General Question

jhellion1031's avatar

Panic attacks....or something worse?

Asked by jhellion1031 (108points) August 29th, 2014

I have a history of severe panic attacks. Like, on a scale from 1 to 10 sometimes my anxiety levels reach 257. Over the past few months I’ve experienced the worst panic attacks of my entire life. Multiple visits to the E.R 100% sure that I am dying. I get there & the only test they do on me is a drug screen. (which is always negative for everything) I don’t drink or take any drug other than the ones prescribed to me & those are mostly allergy meds the DR. says help with anxiety. They really don’t. The Dr.s always say it’s just severe panic disorder. The thing is, I’ve dealt with panic attacks for almost twenty years now & these seem very different. They’re much more aggressive and almost impossible to calm myself out of. Another thing that concerns me about these attacks is that a lot of times I will wake up in the middle of the night and already be in full blown panic. There’s no trigger what so ever. They just happen for absolutely no apparent reason. It really is enough to make a person lose their mind. I guess my question is, does anyone else out there suffer from these kind of attacks? And if so, have you gotten any real answers from medical professionals? Not to beat a dead horse, but let me reiterate. These are not “normal” panic attacks, they are so much worse. Along with all the normal symptoms of panic attacks these also come with a traveling numbness, nausea, blindingly painful stomach cramps, & they can last anywhere from an hour to several days. Waking up already in full blown panic is what really confuses me. If you have any experience with these kind of attacks I would be grateful for any advice on how best to deal with them.

Observing members: 0 Composing members: 0

6 Answers

M1952's avatar

I use to suffer from this, when it first starts happening it really does feel like the worst thing ever, and I feel your frustration ): .. I would wake up not being able to catch my breath because I thought my heart was going to beat out of my chest, I would try to lay down and close my eyes again, or slow my breathing but majority of the time I would end up having to get into a cold shower at 3–4 in the morning just to make them stop and that was something that helped me a lot. I suffered from panic attacks for the longest time, 6–7 years or so.. Over the past year and a half what I started doing was just telling myself over and over again that it’s just a panic attack, I know it feels like you’re dying but you aren’t, and a panic attack CANNOT kill you. Once you convince your brain that you know you aren’t going to die and you’re just having a panic attack they will likely stop, or at least happen less frequently and not last as long ! my worst ones could last up to 20 minutes, stop, and come right back. Also if something is stressing you out in your life somewhere you may want to get away from that too, if it’s a person I mean, hope this helps !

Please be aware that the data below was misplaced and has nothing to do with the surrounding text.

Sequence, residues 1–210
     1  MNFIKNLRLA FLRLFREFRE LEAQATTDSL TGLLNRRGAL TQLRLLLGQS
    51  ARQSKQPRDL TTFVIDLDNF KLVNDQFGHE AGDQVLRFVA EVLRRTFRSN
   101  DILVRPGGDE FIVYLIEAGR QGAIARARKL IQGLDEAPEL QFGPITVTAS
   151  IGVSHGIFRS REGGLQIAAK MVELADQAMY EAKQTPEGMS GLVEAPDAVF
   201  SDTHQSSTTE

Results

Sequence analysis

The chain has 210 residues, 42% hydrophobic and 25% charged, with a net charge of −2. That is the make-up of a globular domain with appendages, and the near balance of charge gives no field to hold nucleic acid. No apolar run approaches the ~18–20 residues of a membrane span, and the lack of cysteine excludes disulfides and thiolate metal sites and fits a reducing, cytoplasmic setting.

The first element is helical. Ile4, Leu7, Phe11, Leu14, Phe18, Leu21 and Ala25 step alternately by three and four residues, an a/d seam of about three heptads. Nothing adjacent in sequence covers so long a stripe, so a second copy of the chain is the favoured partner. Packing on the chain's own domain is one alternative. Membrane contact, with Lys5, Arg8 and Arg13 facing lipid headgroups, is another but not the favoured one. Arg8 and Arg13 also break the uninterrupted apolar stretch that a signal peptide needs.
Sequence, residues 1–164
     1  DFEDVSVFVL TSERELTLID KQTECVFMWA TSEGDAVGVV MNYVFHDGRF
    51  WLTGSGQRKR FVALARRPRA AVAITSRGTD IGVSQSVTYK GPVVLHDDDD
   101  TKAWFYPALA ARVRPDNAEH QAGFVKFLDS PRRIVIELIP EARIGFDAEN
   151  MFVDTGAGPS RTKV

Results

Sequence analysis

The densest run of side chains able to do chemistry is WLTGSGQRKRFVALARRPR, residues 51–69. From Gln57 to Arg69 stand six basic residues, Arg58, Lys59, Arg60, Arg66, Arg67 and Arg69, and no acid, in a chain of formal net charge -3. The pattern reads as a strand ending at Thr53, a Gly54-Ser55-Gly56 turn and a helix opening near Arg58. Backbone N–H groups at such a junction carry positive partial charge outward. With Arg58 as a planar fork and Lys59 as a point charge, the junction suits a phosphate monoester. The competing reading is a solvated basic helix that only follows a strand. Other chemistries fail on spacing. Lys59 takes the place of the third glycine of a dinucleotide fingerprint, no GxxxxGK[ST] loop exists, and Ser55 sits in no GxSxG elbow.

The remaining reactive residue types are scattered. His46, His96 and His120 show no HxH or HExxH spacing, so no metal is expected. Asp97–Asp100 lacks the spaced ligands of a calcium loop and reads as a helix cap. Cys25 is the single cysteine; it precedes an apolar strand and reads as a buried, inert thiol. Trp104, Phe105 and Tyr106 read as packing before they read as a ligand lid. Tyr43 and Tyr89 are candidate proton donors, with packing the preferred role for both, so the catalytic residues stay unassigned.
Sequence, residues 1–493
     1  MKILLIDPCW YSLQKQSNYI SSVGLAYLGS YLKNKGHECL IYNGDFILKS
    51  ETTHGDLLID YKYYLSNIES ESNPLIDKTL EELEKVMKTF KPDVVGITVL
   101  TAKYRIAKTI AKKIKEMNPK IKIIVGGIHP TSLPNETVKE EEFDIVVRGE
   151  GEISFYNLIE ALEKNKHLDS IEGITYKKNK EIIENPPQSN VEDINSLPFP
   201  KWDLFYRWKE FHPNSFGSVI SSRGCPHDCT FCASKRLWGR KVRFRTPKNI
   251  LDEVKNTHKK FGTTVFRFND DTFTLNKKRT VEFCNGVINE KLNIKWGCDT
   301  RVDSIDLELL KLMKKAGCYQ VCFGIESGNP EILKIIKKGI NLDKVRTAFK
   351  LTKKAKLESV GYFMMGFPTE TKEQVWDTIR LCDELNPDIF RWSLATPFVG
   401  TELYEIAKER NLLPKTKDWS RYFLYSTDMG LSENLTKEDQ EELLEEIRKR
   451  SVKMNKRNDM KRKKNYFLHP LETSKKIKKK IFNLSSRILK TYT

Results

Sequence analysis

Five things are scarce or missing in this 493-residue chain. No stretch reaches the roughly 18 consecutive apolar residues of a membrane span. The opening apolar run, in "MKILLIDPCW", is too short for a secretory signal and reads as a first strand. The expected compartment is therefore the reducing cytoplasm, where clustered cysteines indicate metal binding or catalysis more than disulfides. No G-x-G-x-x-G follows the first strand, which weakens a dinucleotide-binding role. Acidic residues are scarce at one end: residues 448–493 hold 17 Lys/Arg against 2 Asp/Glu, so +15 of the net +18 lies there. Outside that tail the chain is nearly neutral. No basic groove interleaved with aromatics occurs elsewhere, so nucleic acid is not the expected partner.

M1952's avatar

I forgot to mention that I barely get them anymore. I haven’t had a full blown panic attack in the past year. My last panic attack happened after my husband filed divorce lol and lasted about 2 minutes, it’s all a mind game, you have to outsmart your brain !

JLeslie's avatar

First, certain allergy drugs increase anxiety in some people.

Second, it is very possible it is something besides anxiety, but the ER is the least likely place it will get diagnosed. The ER’s main focus is that you don’t die on their watch.

Stomach cramps and nausea are symptoms of anxiety, not sure about the numbness.

I would see if they tested your B12, iron, thyroid (TSH) and vitamin D. If not, you should have all of those tested. Most likely if you are a panicked attack patient for many years they have checked your thyorid more than once, but you can never be sure, especially if you stick with seeing the same doctor for many years. In fact, I would hope the hospital would check your thyroid, but they may not have.